5 Place the remainder of the butter in the second pan used for the mushrooms, add the shallots and sugar and fry for 3 minutes until the shallots are golden brown and caramelised.

6 Add the wine, bring to the boil, then pour over the chicken.

7 Return the pan with the chicken to the heat, adding the stock, tomato purée and two-thirds of the tarragon. Bring to the boil, then reduce to a simmer and cook uncovered for 45 minutes to 1 hour or until the chicken is cooked through.

8 Add the prepared tomatoes, parsley and the rest of the tarragon, and season with salt and pepper.

Serve two pieces of chicken on each plate and spoon over all the sauce.


Côte de Boeuf with Watercress and Black Beer Mustard

As I said in my last post, at the weekend I wanted to cook something other than a usual Sunday roast, after seeing James Martin’s recipe. I love spending time preparing all the food for a roast normally but wanted to see if there was something quicker I could try. Having made the Black Beer Mustard, which was the longest part of the whole recipe, I started cooking the beef and preparing the watercress salad and within half an hour the food was ready to serve!

We both loved this dish, down to the flavour and melt in the mouth texture of the beef, also the mustard that cut through the taste perfectly and the simplicity of the rest of the meal too. I didn’t feel too full either after eating, so it made a perfect lightweight Sunday roast substitute. This would be so good to cook up for family or friends after a day out, as there is little to do once you have a pot of mustard already made up.

(Printable Recipe)

Serves 2-4

2.2lb/1kg Rib of Beef
2 tbsp Olive Oil
Salt and Pepper
4oz/110g Black Beer Mustard to serve
For Watercress Salad:
1 tbsp Cider Vinegar
3 tbsp Rapeseed Oil
1 tsp Black Beer Mustard
4oz/110g Watercress
Salt and Pepper

1 Season the beef with salt and pepper and brush with the olive oil.

2 Set a frying pan over high heat and add the beef when it is hot, cooking for 4-5 minutes on each side.

3 Make sure you turn the beef on its sides to seal the edges and then cook for 4 minutes per side, or 8-10 minutes if you prefer your meat well done.

4 Remove the beef from the pan and allow to rest for 5 minutes before carving.

5 For the watercress salad, whisk the vinegar, rapeseed oil and mustard together in a bowl and season to taste. Place the watercress in another bowl and drizzle over the dressing, tossing the leaves to coat evenly.

Serve by cutting the beef into fairly thick slices and serve the mustard and watercress on the side.


Black Beer Mustard

I really wanted to make something slightly different than a normal Sunday roast, so decided to have a go at James Martin’s Côte de Boeuf with Watercress and Black Beer Mustard (recipe to come).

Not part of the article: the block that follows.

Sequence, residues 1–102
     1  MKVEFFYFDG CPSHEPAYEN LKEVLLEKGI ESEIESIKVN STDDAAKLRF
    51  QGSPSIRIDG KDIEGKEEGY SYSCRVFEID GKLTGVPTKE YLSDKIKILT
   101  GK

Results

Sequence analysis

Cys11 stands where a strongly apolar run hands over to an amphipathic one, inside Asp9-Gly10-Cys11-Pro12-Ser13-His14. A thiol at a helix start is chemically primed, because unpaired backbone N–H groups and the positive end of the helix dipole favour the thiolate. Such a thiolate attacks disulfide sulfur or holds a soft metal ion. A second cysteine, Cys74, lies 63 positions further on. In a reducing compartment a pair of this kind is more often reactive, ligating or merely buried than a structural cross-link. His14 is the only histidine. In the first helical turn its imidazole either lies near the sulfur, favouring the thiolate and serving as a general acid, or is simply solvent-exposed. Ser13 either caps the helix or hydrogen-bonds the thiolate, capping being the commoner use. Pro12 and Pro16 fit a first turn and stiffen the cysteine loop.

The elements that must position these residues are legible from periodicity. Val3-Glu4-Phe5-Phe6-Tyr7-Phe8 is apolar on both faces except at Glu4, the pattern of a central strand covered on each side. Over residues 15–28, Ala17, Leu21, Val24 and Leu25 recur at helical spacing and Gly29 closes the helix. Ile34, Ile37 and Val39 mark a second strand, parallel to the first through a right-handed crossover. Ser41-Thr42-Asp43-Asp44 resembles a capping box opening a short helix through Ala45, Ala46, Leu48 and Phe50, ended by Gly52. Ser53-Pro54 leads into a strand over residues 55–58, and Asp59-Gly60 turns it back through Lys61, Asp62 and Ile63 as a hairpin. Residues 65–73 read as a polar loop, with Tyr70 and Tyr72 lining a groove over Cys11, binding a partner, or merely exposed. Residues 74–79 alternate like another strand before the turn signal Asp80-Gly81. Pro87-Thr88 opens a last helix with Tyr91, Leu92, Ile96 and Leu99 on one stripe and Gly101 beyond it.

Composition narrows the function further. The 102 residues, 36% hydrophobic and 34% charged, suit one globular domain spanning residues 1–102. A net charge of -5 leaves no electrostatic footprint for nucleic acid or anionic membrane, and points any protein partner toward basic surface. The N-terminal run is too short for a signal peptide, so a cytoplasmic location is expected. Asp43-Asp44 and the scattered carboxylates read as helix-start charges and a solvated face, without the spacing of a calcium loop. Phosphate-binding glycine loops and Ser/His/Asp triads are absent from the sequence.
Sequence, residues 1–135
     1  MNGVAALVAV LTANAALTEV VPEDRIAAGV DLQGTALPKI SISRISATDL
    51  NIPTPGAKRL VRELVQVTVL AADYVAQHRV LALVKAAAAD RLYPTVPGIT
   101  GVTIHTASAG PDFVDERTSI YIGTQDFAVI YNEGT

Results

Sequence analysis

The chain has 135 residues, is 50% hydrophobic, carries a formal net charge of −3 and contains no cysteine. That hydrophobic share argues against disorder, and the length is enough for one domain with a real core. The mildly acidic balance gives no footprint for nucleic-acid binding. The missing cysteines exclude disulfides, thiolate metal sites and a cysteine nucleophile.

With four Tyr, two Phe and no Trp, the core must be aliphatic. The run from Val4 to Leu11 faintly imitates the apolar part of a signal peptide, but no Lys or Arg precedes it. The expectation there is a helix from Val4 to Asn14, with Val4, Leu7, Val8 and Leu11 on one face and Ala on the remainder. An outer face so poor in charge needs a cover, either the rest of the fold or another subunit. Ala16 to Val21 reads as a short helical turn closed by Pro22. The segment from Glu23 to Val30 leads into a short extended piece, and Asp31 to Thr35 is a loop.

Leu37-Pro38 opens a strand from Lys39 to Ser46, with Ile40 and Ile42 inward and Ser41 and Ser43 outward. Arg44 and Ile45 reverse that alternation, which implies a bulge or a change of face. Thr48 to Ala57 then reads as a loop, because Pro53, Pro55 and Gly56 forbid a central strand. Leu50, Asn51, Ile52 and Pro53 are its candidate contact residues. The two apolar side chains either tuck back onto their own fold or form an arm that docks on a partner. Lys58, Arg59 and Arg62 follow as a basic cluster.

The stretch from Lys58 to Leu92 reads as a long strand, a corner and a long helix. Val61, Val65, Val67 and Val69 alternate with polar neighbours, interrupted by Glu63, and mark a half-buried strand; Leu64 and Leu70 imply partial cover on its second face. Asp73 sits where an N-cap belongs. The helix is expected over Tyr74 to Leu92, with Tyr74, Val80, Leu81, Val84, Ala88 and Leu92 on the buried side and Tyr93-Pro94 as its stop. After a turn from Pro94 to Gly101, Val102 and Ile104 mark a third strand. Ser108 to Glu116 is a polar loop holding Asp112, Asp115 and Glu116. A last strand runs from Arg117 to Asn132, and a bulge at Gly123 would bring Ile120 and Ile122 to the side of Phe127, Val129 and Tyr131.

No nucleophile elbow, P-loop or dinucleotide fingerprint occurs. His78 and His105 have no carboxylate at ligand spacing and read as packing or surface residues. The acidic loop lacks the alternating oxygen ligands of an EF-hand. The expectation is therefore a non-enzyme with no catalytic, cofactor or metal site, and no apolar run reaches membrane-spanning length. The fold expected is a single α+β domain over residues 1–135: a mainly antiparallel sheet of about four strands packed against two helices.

Having written down all the ingredients I didn’t have, I went shopping for the rest. I decided to go and see what ingredients I could get in James Martin’s own shop ‘Cadogan & James’, especially as some of them I had never bought before and didn’t know where I could get them.

I did ok, picking up the allspice berries, black mustard seeds and some more ‘posh’ red wine vinegar (as I didnt have enough) from his shop but he didnt have any white mustard seeds. After asking about whether they had any out back or what I could use instead, the very helpful staff, told me that James might be in the shop at closing time, so I could come and ask what to use as an alternative. We came back five minutes before closing but was told he had been held up so wouldnt be there in time. Not letting this deter me, we ventured to Waitrose and eventually found yellow mustard seeds, so I decided to buy them and use them instead.

I have no idea if using the yellow seeds rather than the white ones, made a huge difference but I will say that it made a great accompaniment to go with the beef and I’m going to have lots more with some steak later in the week. It was exactly what I was after, rather than the normal roast beef and gravy!

(Printable Recipe)

Makes approx. 425g/15oz

25g/1oz White/Yellow Mustard Seeds
110g/4oz Black Mustard Seeds
75g/3oz Light Soft Brown Sugar
1 tsp Allspice Berries
1 tsp Paprika
½ tsp Turmeric
2 tsp Sea Salt
1 tsp Crushed Black Peppercorns
175ml/6fl oz Red Wine Vinegar
40ml/1½fl oz Balsamic Vinegar
3 tbsp Runny Honey
110ml/4fl oz Black Sheep Ale

1 Put all the dry ingredients into a processor or blender and blend until the seeds are roughly crushed.

2 Transfer to a bowl and stir in the two vinegars, honey and ale.

3 Cover the mustard with cling film and place in the fridge for 2 hours.

If you want to keep the mustard longer, put into sterilised jars and store in a cool, dark place.

The mustard should then keep for 3-6 months.


Sliced Duck Breast with Winter Stir-fry